- We routinely deal with volumes of content, data and information that were almost utopian even a decade ago
- What we do with computers has exploded in complexity
- Information – and computers – want to be mobile
- Generational change – a new generation writes its own code of social and interaction rules
- There are also a number of technical factors that play a role in enabling and sometimes driving change, such as availability of enough computer power in devices accessible to a wide range of consumers to handle sophisticated presentation layers, the emergence of cheap, very large displays, and the rise of mobile computing.
Also, if anybody still doubted it, the world of computing has now reached its post-technical phase: Technology is not the core driver for an industry any longer, fascination of the feasible has been replaced with the emotions of desirability. My favorite analogy is the history of the automobile.
Early automobiles were clearly less safe, robust and comfortable than their horse-powered counterparts. Yet fascination with the feasibility of the automobile captured early adopters. Fast forward to the world of today. Cars are not generally purchased for reasons of technology. Sure, they need to work, but generally it is simply assumed that the underlying technology is there.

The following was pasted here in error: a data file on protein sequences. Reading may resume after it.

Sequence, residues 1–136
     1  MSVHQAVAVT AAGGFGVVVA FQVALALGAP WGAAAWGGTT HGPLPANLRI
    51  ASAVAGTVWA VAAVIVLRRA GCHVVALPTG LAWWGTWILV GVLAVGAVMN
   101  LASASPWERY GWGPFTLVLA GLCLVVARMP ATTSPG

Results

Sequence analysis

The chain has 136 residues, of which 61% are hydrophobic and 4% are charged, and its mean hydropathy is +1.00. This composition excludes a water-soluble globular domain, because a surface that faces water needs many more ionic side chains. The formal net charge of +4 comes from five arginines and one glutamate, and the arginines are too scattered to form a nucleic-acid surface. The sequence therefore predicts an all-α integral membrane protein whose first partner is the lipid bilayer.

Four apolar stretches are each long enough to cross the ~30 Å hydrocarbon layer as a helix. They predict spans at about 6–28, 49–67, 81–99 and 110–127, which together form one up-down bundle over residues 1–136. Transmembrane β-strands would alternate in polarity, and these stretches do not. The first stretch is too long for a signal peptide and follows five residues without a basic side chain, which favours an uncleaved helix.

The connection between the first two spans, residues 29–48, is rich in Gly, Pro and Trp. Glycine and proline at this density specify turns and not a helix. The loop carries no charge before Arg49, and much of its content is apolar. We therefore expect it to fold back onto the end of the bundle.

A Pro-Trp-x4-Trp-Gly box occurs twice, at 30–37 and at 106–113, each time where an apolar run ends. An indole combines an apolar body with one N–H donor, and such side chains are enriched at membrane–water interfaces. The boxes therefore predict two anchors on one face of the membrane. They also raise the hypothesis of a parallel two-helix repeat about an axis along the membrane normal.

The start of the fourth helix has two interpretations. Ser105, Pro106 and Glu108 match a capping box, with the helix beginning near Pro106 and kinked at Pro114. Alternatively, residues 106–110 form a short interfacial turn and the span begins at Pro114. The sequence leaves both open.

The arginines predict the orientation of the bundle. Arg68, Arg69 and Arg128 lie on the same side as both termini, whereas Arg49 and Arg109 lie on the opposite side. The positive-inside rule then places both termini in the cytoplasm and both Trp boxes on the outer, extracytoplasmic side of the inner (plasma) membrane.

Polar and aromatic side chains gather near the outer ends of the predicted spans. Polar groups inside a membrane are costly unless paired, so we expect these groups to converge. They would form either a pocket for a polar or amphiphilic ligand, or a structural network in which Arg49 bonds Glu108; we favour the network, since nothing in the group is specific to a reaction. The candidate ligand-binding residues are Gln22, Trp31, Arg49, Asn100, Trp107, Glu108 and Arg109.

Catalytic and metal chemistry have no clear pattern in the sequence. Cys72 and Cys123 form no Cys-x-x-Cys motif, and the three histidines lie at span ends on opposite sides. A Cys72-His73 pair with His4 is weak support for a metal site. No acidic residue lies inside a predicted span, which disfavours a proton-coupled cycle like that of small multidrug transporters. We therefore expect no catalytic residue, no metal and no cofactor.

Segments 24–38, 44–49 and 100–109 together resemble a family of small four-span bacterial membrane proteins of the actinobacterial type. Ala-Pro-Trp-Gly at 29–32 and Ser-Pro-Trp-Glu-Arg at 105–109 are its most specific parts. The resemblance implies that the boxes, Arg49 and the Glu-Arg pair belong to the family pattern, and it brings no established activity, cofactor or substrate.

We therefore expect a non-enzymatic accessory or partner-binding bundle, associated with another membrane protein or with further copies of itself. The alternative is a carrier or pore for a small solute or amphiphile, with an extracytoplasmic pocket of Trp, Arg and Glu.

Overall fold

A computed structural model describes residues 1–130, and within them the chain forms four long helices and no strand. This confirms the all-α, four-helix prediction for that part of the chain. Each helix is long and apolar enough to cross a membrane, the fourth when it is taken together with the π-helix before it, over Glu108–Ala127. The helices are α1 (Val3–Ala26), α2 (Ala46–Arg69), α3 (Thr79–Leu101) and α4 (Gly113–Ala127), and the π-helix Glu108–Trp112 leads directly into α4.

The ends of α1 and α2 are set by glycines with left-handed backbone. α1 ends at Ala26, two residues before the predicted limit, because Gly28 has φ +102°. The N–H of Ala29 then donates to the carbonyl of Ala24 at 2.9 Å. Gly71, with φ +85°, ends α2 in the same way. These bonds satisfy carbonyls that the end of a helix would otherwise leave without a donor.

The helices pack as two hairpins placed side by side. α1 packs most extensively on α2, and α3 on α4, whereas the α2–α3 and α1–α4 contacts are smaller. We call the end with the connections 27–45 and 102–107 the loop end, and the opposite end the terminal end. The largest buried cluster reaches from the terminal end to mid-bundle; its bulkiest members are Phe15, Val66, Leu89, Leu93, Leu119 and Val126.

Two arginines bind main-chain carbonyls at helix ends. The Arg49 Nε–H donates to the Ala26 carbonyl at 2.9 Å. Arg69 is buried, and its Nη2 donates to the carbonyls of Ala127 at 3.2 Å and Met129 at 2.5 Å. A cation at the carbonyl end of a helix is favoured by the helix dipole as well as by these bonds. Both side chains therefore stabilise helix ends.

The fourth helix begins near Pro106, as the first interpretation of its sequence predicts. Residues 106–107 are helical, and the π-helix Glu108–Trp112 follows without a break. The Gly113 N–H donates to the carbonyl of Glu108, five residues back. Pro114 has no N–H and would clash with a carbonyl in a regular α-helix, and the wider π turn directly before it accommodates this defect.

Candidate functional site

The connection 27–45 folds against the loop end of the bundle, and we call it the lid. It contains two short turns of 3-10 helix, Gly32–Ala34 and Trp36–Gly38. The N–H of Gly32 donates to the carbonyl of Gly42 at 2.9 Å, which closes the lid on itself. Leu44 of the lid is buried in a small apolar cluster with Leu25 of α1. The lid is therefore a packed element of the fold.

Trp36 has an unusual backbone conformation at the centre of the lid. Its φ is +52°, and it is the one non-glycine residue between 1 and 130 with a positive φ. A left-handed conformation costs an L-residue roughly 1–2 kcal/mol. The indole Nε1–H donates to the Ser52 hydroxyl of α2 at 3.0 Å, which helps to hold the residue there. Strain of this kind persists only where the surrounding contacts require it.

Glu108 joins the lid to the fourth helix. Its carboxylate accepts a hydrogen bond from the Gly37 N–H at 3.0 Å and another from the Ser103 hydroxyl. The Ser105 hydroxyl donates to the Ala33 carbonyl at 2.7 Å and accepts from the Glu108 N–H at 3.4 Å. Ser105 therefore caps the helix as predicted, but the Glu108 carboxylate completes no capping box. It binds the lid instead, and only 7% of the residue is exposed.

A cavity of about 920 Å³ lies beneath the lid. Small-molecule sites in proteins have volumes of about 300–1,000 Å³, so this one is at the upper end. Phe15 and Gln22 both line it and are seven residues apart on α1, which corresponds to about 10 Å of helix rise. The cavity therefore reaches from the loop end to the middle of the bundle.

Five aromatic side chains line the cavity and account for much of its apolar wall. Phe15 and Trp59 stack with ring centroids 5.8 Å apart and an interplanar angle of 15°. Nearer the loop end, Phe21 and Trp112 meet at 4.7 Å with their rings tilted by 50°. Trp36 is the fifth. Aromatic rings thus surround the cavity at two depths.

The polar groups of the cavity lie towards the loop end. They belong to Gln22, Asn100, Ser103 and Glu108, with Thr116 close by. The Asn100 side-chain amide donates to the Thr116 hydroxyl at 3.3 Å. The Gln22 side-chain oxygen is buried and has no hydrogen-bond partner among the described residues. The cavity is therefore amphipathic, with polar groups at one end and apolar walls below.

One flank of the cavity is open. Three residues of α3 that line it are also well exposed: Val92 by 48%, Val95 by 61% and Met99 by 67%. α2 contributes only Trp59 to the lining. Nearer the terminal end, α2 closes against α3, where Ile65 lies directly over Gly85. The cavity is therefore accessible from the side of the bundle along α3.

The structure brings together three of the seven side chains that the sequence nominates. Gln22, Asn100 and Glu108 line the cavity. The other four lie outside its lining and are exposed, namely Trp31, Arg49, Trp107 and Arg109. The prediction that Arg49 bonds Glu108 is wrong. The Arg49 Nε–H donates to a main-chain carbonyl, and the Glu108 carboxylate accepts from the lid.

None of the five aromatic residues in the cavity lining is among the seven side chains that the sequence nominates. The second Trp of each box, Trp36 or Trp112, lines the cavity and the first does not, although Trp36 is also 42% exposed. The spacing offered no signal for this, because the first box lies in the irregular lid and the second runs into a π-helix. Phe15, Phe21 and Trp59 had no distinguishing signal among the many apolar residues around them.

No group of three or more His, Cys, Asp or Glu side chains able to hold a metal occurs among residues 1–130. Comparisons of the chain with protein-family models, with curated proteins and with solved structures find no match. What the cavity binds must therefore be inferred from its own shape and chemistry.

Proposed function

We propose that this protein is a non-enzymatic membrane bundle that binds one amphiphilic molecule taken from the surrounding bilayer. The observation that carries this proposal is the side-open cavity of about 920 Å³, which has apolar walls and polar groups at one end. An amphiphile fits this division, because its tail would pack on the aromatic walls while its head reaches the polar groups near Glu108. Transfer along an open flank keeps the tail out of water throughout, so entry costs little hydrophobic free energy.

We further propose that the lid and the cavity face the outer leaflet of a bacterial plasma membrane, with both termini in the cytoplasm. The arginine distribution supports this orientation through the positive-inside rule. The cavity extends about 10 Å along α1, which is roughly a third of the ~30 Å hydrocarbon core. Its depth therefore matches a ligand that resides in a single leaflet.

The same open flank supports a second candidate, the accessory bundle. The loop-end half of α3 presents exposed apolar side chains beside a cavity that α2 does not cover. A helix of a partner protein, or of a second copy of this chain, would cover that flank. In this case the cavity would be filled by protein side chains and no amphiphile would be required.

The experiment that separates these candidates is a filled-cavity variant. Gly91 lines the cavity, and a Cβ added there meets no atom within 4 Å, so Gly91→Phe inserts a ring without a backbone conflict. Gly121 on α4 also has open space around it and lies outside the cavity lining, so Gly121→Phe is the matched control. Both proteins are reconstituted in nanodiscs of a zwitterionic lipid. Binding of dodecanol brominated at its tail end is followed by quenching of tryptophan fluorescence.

Computers are in that same boat today. For example, when I started using computers for making music more than two decades ago, I accepted every discomfort just because I could do things I could never do before. The pain was a price for feasibility that I was glad to pay. But today, feasibility is almost taken for granted. What matters is that software does its job well, in a comfortable, desirable, delightful manner.